MTI Consulting, with international trade consulting experience across 43 countries in the last 20 years, has opined that developing economies like Sri Lanka needs a radical mindset change from the concept of exports to being an integral part of international supply chains.
“The very word ‘ex-ports’ and its practice in markets like Sri Lanka, means the focus is on getting it off your ports! This is not what the international demand chains are demanding today and to be a profitably integral part of the enabling supply chains (to these demand chains) requires a truly global mindset and cross-border collaborations, not an insular mentality,” said MTI CEO Hilmy Cader.
A critical look at SL’s export performance
Over the last 10 years (up to 2015), Sri Lanka’s total exports have grown only by 7 percent (CAGR). During the same period, apparel grew by 5 percent, tea by 8 percent and rubber by 12 percent (all in CAGR terms). Statistically, ICT has recorded an impressive 23 percent CAGR but this is from a low base and is based on a sample survey to establish the export revenue. These top sectors have continued to contribute as much as 70 percent of Sri Lanka’s exports.
With the exception of the apparel sector and solid tyres, the supply chain (in particular) and the demand chain for other sectors are highly fragmented, with most businesses being unable to scale-up their operations. This fact has been proven by the 3700 plus Sri Lankan exporters, who export over 30 diverse product categories. The share of branded and high-tech exports as a percentage of Sri Lanka’s total exports is at a very low level, even when compared to the relevant emerging Asian competitors. The extremely low spend on research and development (R&D) (as a nation) could be a contributory reason.
Five strategic export policy decisions SL needs to confront
Definition of exports: The Sri Lanka Export Development Board (SLEDB) Act defines exports as products/commodities and services. However, neither has the SLEDB managed nor accounted for tourism and foreign employment but continues to promote ICT, medical tourism and educational services. Therefore, the export earnings that the SLEDB publishes include all commodities and only some services.
Measurement of exports: Sri Lanka’s measurement of exports is entirely based on revenue (essentially top line) and thereby ignores the degree of value addition that would help determine export profitability to the country, as this is what Sri Lanka will eventually benefit from. Focusing on such a measure will help drive the country’s export policy and incentives and subsequently aid the actions of exporters to the sectors which will optimize Sri Lankan export profitability. Partly related to the above is the fact that the current policy framework does not encourage import substitution of export-related inputs.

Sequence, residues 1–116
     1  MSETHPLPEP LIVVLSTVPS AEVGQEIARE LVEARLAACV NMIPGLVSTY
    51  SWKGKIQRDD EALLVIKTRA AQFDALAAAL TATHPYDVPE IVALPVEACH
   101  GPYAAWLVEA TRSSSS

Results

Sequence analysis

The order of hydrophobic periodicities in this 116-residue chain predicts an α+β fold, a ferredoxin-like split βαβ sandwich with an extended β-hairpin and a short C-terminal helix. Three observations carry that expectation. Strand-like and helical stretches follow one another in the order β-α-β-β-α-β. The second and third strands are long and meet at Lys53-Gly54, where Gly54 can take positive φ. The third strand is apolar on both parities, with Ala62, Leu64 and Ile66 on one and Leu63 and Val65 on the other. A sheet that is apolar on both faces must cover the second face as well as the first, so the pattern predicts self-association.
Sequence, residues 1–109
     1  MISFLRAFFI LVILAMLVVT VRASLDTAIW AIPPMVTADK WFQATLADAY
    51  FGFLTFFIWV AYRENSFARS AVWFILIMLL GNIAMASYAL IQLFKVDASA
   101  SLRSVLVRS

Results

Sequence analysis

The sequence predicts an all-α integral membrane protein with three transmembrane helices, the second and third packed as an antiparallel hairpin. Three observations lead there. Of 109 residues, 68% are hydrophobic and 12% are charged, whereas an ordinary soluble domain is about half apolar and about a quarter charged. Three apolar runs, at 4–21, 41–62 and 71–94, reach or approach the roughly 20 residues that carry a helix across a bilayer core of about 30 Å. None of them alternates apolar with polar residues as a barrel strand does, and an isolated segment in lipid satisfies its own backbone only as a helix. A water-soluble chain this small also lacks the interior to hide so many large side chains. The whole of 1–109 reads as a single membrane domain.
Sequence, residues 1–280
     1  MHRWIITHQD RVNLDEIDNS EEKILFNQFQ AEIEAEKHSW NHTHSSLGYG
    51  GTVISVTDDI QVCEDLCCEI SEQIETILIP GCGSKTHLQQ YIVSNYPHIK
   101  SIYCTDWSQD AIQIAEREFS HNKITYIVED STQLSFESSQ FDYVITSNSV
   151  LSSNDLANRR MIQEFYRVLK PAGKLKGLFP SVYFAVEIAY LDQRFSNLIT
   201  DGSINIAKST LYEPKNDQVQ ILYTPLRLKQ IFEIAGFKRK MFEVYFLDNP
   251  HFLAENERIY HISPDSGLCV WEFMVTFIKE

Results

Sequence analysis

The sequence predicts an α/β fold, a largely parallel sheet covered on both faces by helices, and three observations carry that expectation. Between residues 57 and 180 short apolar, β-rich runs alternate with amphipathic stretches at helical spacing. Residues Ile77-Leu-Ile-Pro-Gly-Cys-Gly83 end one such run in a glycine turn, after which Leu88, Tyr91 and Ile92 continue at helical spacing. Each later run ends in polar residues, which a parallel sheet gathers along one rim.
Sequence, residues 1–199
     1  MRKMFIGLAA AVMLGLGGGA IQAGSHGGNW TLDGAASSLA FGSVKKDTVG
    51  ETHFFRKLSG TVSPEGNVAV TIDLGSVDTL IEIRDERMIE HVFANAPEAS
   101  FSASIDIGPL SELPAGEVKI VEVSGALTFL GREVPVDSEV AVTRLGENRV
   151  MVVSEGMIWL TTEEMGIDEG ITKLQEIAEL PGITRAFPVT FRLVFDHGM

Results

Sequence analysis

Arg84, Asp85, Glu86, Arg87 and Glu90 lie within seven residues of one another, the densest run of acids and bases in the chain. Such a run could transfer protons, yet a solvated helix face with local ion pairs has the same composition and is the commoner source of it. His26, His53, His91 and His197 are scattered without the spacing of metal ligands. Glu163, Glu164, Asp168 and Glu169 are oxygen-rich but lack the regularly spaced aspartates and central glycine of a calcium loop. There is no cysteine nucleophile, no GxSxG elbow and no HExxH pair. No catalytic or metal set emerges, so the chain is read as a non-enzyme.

Definition of export earnings: As currently practiced, what is considered export earnings is the declared value of a good when it leaves a Sri Lankan port, with no consideration or interest in what happens beyond that point. While this encourages maximum value addition within Sri Lanka, it does not encourage Sri Lankan companies to become multinationals – which will require varying degrees of in-country value addition in export markets and even multi-country sourcing – provided that the Sri Lankan exporters earn higher profits and that these profits are repatriated to Sri Lanka.
Exportable resource optimization: The current approach to exports is based on each sector attempting to maximize its export revenue. Given the limited size of the Sri Lankan supply chain (natural and human resources) and the quantum increase in exports that is targeted (while ‘feeding’ the growing local demand), there is bound to be increasing competition for the country’s natural and human resources. Allowing this to be dictated entirely by the ‘invisible hand’ may not be in the long-term strategic interest of the country and could also lead to socio-economic challenges. Therefore, a macro resource allocation model and policy is strongly recommended.
Multiple institutions in overlapping export promotion roles: Today, the role of export promotion in the key sectors of apparel, tea and ICT (constituting approximately 65 percent of our exports) is also being performed by their industry-specific bodies, with access to a much bigger promotional budget than the SLEDB. This leads to overlaps and sub-optimal efforts from a macroeconomic perspective. Given that this involves multiple ministries, it is best addressed via the Export Development Council of Ministers (which has remained dormant since 1993).